Developing Proxies to .NET Libraries

Proxying in WebSharper is the process of providing JavaScript-compilable F# implementations for classes and modules that were compiled without WebSharper, for example the Base Class Library classes such as Dictionary. The proxying graph relates proxied types to proxy types. The proxy graph is constructed by consulting all Proxying.AbstractProxyAttribute in an assembly and its references.

The simple implementation, ProxyAttribute, is applied to the proxied type and should reference the proxy type. Sample usage:

open System.Collections.Generic

[<Proxy(typeof<Dictionary<_, _>)>]
type MyDictionary<'K, 'V> () =

    let mutable count = 0

    member this.Count = count

WebSharper projects that reference the DLL containing the above code can use the standard type Dictionary<_, _> in client-side code, and the above implementation will be called instead.

Sometimes it is not possible to use typeof, for example when proxying a module. In this case, you can use the type or module's full name instead:

[<Proxy "Microsoft.FSharp.Collections.ArrayModule, \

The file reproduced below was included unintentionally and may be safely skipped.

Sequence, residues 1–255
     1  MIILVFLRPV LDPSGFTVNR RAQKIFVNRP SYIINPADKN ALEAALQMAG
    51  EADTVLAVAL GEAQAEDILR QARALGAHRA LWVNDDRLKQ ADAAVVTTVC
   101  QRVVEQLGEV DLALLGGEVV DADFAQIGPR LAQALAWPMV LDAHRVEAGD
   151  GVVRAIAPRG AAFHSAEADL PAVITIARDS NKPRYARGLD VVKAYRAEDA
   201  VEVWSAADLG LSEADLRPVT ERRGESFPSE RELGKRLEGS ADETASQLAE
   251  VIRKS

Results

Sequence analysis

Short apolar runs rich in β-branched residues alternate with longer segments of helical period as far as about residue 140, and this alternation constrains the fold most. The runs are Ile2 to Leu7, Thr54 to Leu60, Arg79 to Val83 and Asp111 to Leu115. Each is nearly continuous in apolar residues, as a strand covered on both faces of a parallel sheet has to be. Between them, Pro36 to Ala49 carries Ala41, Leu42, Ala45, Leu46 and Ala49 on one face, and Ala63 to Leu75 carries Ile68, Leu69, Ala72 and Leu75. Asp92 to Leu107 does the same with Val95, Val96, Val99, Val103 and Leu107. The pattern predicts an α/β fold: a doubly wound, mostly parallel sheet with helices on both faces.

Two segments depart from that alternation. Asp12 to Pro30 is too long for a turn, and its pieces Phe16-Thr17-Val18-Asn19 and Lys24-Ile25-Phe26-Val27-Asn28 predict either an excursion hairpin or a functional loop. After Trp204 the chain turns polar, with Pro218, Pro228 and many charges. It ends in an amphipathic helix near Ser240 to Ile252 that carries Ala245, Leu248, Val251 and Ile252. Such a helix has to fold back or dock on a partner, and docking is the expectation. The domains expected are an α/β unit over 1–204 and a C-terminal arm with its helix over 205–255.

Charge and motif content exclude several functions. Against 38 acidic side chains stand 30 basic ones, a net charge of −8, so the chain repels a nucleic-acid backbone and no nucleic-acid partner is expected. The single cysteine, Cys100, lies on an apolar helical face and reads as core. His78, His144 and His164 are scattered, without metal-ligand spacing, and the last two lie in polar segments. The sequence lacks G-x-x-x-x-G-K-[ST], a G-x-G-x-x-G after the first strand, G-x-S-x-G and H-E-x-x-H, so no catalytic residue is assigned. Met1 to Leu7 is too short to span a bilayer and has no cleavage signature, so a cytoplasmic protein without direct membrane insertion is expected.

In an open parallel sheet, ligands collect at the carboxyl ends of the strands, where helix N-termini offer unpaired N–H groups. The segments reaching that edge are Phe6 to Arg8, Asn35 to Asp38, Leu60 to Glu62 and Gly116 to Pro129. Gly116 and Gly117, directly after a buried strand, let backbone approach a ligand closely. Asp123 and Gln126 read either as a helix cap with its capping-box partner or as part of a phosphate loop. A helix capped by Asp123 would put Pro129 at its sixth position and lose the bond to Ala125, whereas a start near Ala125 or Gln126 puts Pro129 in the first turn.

FSharp.Core, \
      Version=, \
      Culture=neutral, \
module MyArrayModule =

    [<Inline "$0.length">]
    let length<'T> (arr : 'T []) = 0

There are several things to remember when developing .NET proxy code:

  • The string parameter to the ProxyAttribute must exactly match the FullName property of the generic definition of the target .NET type.

  • The name, type, number of arguments and the calling convention of a proxy member must match exactly those of the member being proxied.

  • It is legal for a proxy to be partial. If the proxied type doesn't implement all members, then client-side calls to proxied members will succeed and client-side calls to non-proxied members will fail. For example, WebSharper contains a proxy for the module Async, but does not implement certain methods such as RunSynchronously.